South Carolinas Supreme Court on Wednesday dealt a blow to S.C. House Speaker Bobby Harrell, granting Attorney General Alan Wilsons request to allow a State Grand Jury probe of Harrell to continue.
Still up in the air is whether Wilson can continue leading the State Grand Jury proceedings. In their unanimous ruling, the justices instructed a lower court to decide whether the attorney general should be disqualified from the case, as Charleston Republican Harrell has asked.
In a statement, Harrell said he was disappointed with the courts ruling, but noted the justices did not reject his argument that Wilson should be replaced.
It was (Circuit Court) Judge (Casey) Manning, not my attorneys, who brought up the jurisdictional issue in this case that the justices ruled on Wednesday, Harrell said in his statement.
The only thing we originally asked the court was for a fair and impartial prosecutor to be put in charge of this matter. As (the) Supreme Court justices clearly pointed out at the hearing, the attorney general has improperly handled this case from the beginning.
Mark Powell, a spokesman for Lexington Republican Wilson, said, The attorney general's office is not commenting at this time.
The opinion comes after a public court battle that started when Wilson asked the State Grand Jury to investigate allegations that Harrell may have violated state ethics laws.
A libertarian public-interest group alleged Harrell violated the law by reimbursing himself from his campaign money for the cost of flying his private plane, using his position as speaker to help his pharmaceutical company and appointing his brother to a panel that reviews candidates who want to be judges.
Wilson ordered a State Law Enforcement Division investigation of Harrell and sent the report to the State Grand Jury for review.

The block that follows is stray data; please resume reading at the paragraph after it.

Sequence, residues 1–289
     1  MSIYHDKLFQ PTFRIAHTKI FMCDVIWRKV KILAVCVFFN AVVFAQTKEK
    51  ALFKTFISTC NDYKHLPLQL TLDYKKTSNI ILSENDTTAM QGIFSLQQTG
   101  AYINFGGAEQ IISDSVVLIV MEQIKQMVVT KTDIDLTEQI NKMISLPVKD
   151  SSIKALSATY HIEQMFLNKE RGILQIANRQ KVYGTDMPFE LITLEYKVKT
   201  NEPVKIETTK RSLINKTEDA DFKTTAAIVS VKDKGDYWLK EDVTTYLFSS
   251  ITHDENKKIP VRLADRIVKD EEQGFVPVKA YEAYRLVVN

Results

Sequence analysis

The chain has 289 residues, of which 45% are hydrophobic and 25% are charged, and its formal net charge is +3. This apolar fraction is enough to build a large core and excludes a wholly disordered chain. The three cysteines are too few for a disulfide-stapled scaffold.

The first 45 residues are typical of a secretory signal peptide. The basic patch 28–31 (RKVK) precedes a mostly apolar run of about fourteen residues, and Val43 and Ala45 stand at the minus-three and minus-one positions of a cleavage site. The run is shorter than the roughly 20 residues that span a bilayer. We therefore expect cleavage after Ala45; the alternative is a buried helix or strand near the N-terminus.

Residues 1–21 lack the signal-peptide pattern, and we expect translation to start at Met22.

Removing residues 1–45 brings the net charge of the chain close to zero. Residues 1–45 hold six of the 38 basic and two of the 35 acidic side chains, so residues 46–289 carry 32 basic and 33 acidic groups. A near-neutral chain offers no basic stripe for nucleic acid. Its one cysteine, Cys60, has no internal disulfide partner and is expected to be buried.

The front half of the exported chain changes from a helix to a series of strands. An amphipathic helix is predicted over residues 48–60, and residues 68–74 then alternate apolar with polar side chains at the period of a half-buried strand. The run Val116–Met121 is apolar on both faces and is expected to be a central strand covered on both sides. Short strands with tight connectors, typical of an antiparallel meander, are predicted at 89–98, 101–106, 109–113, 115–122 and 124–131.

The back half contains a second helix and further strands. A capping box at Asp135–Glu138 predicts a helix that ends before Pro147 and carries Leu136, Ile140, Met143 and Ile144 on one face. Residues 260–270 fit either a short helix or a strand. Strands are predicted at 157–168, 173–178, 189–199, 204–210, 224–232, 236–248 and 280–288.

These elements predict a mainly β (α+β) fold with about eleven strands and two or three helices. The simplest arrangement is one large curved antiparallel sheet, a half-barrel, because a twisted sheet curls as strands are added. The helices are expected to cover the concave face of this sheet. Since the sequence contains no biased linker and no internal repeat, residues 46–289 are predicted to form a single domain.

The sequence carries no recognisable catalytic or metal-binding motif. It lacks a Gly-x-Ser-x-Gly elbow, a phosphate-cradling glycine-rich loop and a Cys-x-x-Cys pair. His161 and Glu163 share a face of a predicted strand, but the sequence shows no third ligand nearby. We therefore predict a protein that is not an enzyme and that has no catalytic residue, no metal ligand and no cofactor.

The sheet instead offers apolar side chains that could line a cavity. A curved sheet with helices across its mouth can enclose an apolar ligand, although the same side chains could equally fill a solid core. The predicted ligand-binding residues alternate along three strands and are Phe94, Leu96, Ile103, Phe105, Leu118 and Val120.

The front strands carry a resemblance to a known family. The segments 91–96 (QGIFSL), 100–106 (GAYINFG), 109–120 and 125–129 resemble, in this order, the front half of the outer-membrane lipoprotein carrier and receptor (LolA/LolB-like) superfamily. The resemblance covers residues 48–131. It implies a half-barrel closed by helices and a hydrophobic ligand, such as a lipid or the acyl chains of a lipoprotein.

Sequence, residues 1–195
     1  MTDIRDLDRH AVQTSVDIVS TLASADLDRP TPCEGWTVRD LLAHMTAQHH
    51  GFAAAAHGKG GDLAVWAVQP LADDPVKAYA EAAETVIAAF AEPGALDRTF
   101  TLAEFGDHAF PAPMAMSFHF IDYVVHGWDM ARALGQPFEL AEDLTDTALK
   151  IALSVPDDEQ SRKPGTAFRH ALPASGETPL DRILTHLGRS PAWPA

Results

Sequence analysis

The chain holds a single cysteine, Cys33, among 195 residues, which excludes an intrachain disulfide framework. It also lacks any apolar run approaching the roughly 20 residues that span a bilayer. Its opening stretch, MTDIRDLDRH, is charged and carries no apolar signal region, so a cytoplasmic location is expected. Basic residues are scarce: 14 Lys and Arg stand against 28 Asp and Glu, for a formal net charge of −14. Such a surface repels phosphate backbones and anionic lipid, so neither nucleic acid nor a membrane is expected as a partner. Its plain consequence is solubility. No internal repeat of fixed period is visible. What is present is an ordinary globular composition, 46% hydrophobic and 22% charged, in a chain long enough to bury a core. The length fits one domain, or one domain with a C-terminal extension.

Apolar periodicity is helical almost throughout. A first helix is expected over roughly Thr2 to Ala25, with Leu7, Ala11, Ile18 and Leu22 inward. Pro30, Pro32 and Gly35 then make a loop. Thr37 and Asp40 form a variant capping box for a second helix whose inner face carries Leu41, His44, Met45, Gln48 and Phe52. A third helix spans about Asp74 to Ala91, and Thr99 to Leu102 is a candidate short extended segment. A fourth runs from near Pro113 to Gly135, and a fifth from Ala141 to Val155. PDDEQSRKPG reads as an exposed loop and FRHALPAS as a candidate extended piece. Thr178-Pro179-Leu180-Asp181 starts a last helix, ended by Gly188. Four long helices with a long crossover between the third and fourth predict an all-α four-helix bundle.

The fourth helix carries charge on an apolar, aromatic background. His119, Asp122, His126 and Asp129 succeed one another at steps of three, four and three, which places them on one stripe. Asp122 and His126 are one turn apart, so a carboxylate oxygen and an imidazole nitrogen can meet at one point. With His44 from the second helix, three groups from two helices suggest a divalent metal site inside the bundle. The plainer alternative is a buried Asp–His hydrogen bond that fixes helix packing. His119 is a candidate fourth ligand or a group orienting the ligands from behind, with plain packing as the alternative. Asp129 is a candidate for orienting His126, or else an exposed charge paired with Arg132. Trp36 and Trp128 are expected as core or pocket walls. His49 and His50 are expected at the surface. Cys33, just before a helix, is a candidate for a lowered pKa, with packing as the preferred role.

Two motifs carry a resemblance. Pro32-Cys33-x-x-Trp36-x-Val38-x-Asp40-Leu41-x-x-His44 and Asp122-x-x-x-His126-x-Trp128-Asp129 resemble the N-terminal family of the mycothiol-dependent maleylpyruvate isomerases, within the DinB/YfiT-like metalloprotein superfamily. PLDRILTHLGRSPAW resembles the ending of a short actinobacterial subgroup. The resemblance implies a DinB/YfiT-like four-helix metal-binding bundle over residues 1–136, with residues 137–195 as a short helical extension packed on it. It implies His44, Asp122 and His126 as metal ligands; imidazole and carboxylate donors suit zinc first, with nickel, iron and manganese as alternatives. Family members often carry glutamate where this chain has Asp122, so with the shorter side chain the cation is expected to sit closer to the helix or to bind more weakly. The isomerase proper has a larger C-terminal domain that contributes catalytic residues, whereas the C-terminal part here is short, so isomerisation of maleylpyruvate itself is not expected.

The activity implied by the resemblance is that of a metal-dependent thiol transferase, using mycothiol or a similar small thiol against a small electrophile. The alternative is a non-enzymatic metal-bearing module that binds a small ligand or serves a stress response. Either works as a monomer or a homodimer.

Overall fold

State Grand Jury proceedings are required by law to remain secret. But Wilson announced the proceedings something the justices said they found odd during a hearing last month.
The whole behavior in this case has been very strange, Chief Justice Jean Toal said during that hearing, referring to Wilsons news release.
Checks and balances worked
Harrell, who has not been charged with a criminal or civil ethics violation, has accused Wilson of targeting him politically and asked the court to disqualify Wilson from the case.
In May, Circuit Court Judge Manning ordered the State Grand Jury investigation of Harrell to stop, arguing the House Ethics Committee not the State Grand Jury had exclusive jurisdiction over legislative ethics violations that are civil in nature. Manning added Wilson had provided no evidence that Harrell might have committed a criminal violation, the type of public corruption that a State Grand Jury would investigate.
But Wilson asked the higher court to overturn that ruling, saying he has a constitutional right to investigate crimes and prompt a State Grand Jury investigation, which requires a judge and the SLED chief to agree.
The justices agreed.
In their opinion, the justices wrote the attorney generals right to investigate crimes is not dependent on the legislative ethics committees process of investigating ethics complaints against lawmakers.